In Sandeep Jauhar's arresting memoir about the realities of practicing medicine in America, "Doctored: The Disillusionment of an American Physician," he describes an interaction he has with a patient at Long Island Jewish Medical Center, where he is the director of the heart failure program. The patient has an abdominal mass and has been transferred to the medical center from another hospital for a preoperative evaluation. Dr. Jauhar tells her that there are some things he needs to figure out before sending her to the operating room.
"Like what is this mass," he says. "Is it cancer? Has it spread?" Neither her paperwork nor the doctor from the other hospital had provided answers.
"Do you know if it has?" she asks, wondering if the cancer has metastasized. He does not. "No one knows what is going on," she says, her eyes filling with tears.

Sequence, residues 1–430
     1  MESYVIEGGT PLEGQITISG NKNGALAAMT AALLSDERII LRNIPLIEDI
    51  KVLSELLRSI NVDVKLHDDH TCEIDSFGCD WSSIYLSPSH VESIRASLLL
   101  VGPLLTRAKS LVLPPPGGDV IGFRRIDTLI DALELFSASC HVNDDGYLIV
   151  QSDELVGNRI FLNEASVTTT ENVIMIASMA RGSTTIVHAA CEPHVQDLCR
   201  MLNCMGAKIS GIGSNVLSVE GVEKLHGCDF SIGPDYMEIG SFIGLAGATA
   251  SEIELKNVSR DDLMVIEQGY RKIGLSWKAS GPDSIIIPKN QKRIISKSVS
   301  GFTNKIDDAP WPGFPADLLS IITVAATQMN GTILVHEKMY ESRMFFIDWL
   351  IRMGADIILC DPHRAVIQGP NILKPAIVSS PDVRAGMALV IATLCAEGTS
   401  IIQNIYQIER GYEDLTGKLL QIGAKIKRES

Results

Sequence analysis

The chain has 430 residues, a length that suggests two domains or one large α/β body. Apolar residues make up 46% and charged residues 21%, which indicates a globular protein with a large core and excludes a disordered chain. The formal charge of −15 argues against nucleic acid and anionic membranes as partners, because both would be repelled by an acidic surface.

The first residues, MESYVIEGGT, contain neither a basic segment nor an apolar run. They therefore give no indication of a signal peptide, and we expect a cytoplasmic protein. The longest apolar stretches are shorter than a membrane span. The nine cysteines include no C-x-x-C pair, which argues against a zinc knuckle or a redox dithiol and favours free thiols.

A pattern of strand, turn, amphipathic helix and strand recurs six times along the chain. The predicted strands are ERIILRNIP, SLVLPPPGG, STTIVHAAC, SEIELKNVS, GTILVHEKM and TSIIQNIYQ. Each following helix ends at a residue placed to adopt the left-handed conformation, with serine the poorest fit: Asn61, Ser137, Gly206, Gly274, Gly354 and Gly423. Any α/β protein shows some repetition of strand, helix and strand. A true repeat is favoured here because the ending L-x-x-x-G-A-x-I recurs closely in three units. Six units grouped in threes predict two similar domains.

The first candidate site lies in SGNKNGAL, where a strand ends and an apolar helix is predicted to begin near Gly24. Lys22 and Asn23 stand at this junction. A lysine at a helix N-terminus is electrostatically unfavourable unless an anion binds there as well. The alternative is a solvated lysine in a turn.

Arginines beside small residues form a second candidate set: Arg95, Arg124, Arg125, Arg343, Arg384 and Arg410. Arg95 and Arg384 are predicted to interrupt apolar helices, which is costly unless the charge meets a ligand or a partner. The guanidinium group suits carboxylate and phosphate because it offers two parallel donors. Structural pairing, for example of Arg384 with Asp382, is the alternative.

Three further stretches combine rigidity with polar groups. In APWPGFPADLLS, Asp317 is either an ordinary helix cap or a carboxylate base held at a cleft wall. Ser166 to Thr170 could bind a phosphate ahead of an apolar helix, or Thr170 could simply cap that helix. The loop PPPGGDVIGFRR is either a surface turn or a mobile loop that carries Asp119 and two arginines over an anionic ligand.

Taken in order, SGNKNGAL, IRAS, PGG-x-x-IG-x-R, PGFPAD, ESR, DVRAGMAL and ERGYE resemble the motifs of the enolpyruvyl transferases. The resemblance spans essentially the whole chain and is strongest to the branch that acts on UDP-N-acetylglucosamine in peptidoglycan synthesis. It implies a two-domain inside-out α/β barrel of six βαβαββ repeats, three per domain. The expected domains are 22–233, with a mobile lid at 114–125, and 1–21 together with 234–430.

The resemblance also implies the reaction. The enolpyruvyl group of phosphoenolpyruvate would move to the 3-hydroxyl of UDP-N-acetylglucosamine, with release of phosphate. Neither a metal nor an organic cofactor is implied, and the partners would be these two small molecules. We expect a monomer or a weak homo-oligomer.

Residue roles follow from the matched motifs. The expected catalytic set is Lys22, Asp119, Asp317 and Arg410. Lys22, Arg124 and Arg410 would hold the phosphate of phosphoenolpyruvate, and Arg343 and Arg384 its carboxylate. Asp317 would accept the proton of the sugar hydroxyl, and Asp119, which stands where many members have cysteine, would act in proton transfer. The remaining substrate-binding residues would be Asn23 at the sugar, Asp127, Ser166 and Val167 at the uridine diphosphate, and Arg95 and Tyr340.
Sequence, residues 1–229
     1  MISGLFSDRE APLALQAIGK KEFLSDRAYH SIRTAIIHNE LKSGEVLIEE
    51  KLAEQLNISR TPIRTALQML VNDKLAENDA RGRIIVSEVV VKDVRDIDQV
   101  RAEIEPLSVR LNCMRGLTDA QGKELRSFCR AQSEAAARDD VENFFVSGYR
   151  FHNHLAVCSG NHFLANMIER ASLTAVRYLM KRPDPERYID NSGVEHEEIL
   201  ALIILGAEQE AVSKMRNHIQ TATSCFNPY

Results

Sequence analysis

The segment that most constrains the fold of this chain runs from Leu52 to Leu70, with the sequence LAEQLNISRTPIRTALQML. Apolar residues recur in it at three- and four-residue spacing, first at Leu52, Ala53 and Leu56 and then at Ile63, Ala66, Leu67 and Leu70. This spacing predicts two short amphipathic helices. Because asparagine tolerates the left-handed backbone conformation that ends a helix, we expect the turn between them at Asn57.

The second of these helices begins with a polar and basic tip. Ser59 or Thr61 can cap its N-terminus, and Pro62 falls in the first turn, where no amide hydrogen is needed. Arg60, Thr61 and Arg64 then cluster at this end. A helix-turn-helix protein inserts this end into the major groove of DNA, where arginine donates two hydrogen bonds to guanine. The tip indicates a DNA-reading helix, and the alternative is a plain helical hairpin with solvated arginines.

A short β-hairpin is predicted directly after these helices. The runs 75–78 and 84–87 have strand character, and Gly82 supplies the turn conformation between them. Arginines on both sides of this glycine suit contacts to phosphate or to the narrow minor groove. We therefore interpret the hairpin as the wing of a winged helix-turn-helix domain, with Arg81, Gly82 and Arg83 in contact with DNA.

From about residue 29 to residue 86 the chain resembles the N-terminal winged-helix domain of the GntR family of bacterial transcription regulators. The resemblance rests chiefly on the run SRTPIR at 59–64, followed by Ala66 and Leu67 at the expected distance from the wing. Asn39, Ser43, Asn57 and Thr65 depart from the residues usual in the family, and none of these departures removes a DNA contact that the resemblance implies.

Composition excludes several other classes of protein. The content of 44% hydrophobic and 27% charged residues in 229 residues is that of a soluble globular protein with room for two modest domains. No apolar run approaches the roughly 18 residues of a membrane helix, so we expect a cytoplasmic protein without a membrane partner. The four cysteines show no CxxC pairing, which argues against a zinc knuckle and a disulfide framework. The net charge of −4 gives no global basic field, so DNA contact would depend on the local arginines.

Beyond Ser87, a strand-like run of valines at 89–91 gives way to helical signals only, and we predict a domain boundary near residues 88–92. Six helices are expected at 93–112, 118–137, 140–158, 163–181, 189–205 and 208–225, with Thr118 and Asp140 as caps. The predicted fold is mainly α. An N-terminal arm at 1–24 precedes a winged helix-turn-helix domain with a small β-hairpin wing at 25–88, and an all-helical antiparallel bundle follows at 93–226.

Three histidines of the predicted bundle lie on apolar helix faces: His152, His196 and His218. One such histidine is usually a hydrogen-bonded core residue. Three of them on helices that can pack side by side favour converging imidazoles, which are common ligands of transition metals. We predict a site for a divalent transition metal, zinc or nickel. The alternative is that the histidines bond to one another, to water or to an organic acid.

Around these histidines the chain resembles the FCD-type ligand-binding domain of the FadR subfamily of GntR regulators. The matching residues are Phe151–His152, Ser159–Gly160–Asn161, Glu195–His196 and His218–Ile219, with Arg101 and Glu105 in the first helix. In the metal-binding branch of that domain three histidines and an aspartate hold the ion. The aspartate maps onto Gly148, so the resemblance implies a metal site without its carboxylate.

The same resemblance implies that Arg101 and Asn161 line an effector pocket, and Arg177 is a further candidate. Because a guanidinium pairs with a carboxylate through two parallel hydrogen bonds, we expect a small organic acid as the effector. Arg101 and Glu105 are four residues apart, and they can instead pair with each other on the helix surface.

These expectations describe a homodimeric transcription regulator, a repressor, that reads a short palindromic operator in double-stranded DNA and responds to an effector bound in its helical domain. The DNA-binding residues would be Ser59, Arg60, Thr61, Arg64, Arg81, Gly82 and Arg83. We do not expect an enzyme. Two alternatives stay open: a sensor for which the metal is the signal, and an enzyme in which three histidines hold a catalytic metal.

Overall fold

And she is right, says Dr. Jauhar, whose writing has appeared in The New York Times and whose first book, "Intern," chronicled that grueling year of his medical career. "It is hard to imagine such a thing happening in the era of 'my doctor,' " he says, referring to the days when patients primarily had one doctor who knew them well.
It's not news, of course, that our medical system has become dysfunctional. But Dr. Jauhar's personal account shows that brokenness on a human scale, starting with the doctor-patient relationship, which is in tatters.